This Week in Links: Subverting stereotypes, and real Korean cooking

Elizabeth Gabrielle Lee‘s latest photobook, XING, mimics and subverts stereotypes about east and south-east Asian women. She notes that

“The association between sex, sexuality and Asian women is almost inseparable – that’s not to say that it is wrong to consider Asian women as an attractive being, but it is more so the lack of agency that the Asian female is devoid of.”

Maangchi, aka Emily Kim, is a Korean chef that uses Youtube to make Korean cuisine more accessible. Watch her talk at Google below.

Folding Ideas analyses toxic masculinity in Fight Club.

Robert Chapman sheds light on the increased risks for autistic adults to become victims of domestic abuse.

White woman Barbara Harris targets women of colour addicted to drugs and pays them cash to get birth control. But it doesn’t stop there, folks! She pays them a lump sum of $300 to get sterilized. Modern day eugenics, anyone?

Director of First They Killed my Father, Angelina Jolie and her casting crew admit to taunting poor children with money in order to “garner raw emotion” from them.

This Week in Links: The new Dolezal, corporate feminism, and being called exotic

Torre DeRoche describes what happened when she broke up with her partner…after writing a memoir about their relationship.

Solange speaks with her mum, Tina, and writer Judnick Mayard about A Seat at the Table.

I’ve hated The Secret since I was a kid. Mark Manson made the sacrifice of explaining why it’s terrible.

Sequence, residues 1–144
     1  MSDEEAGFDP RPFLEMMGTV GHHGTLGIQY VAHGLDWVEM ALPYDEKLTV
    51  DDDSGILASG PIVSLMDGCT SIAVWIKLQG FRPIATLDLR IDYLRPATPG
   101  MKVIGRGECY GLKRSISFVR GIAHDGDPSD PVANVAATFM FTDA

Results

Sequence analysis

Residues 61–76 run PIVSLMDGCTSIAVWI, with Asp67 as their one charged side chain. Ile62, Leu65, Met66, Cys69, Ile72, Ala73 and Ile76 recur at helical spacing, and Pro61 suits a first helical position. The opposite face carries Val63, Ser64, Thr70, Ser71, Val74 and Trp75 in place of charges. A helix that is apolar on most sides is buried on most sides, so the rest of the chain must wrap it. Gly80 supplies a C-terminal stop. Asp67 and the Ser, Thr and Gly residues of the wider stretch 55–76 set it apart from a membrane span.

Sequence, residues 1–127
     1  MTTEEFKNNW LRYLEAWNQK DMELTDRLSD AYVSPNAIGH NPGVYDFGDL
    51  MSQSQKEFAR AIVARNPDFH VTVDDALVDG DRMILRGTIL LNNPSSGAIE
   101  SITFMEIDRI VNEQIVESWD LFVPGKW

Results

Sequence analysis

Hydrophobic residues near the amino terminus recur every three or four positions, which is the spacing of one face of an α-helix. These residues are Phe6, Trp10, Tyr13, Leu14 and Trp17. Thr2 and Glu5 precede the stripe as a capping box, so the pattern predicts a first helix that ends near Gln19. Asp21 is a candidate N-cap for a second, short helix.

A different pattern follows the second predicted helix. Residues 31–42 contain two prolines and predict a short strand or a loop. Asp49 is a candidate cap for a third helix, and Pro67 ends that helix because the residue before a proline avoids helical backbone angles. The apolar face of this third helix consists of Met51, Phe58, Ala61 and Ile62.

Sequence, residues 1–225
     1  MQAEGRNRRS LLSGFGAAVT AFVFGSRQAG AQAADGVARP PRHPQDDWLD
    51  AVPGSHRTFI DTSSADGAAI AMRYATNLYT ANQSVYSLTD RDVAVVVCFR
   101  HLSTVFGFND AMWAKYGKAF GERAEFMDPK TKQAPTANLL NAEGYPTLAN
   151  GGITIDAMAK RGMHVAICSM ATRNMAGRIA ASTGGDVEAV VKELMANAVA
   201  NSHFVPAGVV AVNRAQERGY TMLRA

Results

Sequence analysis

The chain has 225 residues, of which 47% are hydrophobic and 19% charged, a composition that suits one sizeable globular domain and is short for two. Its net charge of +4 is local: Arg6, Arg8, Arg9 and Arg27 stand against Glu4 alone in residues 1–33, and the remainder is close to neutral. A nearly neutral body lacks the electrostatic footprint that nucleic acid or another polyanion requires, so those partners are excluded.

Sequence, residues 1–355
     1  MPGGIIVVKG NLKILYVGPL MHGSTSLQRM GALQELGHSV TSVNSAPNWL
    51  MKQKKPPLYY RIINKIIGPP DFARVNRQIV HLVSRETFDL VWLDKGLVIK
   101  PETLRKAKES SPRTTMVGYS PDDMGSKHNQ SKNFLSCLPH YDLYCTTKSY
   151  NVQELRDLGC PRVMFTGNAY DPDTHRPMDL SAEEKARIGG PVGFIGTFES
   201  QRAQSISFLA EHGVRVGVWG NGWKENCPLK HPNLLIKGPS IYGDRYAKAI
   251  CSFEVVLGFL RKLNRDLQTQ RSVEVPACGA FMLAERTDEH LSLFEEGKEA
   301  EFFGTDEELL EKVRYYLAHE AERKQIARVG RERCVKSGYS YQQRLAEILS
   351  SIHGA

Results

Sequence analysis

Former CEO of Thinx accused of sexually harassing her employees.

Irritating white man wishes he would be seen as Chinese. Kimberley Yam encourages him to take a seat.

At Asian American Comic Con, panelists discuss how they deal with being exoticized.

Image from Pri.org

 

This Week in Links: All-American Ancient Greeks, care homes, and anti-Asian racism

After looking into production details, Screen Rant predicts that the Wonder Woman sequel will centre around the Cold War. And in WW3, Diana takes off for Iraq!

Reply All’s latest episode explains how care homes fail the elderly, and how it can be fixed.

RMJ describes the construction of fat women in Mad Men.

Raul of Turma de Vovo Raul mocks K-Pop group KARD, and invites the audience to join him in making racist jokes. They do.

 

This week in links: Erotica, real trans media, and 90s black girl magic

Jessica Slane reviews Rocky Flintstone’s debut novel, Belinda Blinked

Tired of seeing trans people’s stories erased and stolen for profit? More Than T is a documentary that interviews 7 trans and gender-non-conforming people. Watch the trailer below.